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Elderly can help solve the housing crisis, housebuilder says

Words: Laura Edgar

Retirement housebuilder McCarthy & Stone has said that those aged 65 and over hold the key to unlocking the housing crisis and helping younger people to get onto the housing ladder.

The firm’s Retirement Confidence Index (RCI), produced in conjunction with YouGov, suggests that 60 per cent of under 30s believe that the UK needs more “later homes” for older people, while 50 per cent say they need financial assistance from family to buy a home.

It found that 70 per cent of over 65s think a greater focus is needed on providing suitable housing for older people.

An extra two million homes could be freed up if people downsized rather than remaining in larger homes, with 35 per cent of over 65s saying they would consider moving. This represents 4.1 million pensioners, McCarthy & Stone said.

According to the survey, the biggest burdens for younger people’s finances are:
 Over 65sUnder 30s
High house prices70%60%
High cost of living22%54%
Low wages22%45%
High deposit requirement for a home48%39%

Building more retirement homes would see such homes freed up for first-time buyers and young families.

Government schemes though, such as Help to Buy and the Stamp Duty relief introduced in the 2017 Autumn Budget, focus on first-time buyers. Of those who responded to the survey, 38 per cent said they felt first-time buyers are priorities over the needs of older people.

Of those under 30 that took part in the survey, 51 per cent said they would need financial support from family in order to buy a property.

Clive Fenton, chief executive at McCarthy & Stone, commented: “Both older and younger people see the benefits in providing better housing options for our ageing population. Millions of older people are looking for properties better suited to their needs, and young people are desperately trying to join the housing ladder. By providing more suitable housing, such as bungalows, retirement housing or other well-designed accommodation for later life, we can address a big part of the housing crisis.”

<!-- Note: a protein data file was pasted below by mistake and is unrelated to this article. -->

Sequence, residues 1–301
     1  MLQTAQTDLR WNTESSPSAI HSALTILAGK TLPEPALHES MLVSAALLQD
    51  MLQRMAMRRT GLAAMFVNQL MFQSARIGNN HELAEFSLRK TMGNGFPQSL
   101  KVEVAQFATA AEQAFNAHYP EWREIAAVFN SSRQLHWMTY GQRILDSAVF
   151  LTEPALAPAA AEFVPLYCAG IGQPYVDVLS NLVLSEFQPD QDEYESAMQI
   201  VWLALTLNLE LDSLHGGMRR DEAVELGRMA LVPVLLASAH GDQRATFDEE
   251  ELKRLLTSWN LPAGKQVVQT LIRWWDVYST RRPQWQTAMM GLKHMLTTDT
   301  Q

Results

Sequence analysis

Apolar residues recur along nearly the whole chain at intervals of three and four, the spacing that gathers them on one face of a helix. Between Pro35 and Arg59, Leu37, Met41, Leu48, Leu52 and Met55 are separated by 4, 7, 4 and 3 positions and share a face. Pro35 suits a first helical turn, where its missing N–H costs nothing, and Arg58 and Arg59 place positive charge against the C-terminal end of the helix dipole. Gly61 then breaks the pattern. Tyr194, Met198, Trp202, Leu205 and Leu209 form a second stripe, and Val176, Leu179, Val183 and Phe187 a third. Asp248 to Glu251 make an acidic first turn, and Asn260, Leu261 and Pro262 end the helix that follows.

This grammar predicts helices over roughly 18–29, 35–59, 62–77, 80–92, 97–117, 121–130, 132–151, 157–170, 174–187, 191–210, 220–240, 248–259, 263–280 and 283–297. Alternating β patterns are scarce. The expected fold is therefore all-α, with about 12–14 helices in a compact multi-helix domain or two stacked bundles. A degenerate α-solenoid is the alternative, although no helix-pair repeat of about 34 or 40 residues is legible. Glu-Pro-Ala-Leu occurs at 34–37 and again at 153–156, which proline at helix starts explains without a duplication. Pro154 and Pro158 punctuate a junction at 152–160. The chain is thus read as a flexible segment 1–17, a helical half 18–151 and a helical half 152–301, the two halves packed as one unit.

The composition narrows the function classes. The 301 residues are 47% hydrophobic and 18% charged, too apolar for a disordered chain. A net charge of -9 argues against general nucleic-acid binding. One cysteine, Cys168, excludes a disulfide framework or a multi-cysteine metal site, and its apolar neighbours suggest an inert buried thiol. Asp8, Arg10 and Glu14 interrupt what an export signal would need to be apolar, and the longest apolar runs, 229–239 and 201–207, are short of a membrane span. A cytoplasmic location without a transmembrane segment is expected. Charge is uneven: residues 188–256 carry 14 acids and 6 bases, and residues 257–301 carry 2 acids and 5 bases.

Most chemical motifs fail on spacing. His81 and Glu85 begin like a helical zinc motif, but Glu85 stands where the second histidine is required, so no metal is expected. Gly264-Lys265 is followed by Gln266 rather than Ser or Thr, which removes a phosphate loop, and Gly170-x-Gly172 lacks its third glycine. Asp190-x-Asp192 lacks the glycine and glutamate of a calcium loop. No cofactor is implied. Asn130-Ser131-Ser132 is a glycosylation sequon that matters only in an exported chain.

While he said the company understands the government’s focus on helping young people to buy a home, if it “is really serious about solving the housing crisis”,it has to recognise that helping older people to downsize to free up under-occupied property has to be a “significant” part of the solution.

McCarthy & Stone believe there are a number of ways to increase the supply of suitable housing for older people, including a one-off stamp duty exemption for older people when downsizing or moving into retirement housing. Reform of the planning system to encourage greater development in this sector is another option.

* The YouGov survey included a nationally representative sample of 3,000 UK adults aged over 65 and 700 adults aged under 30.

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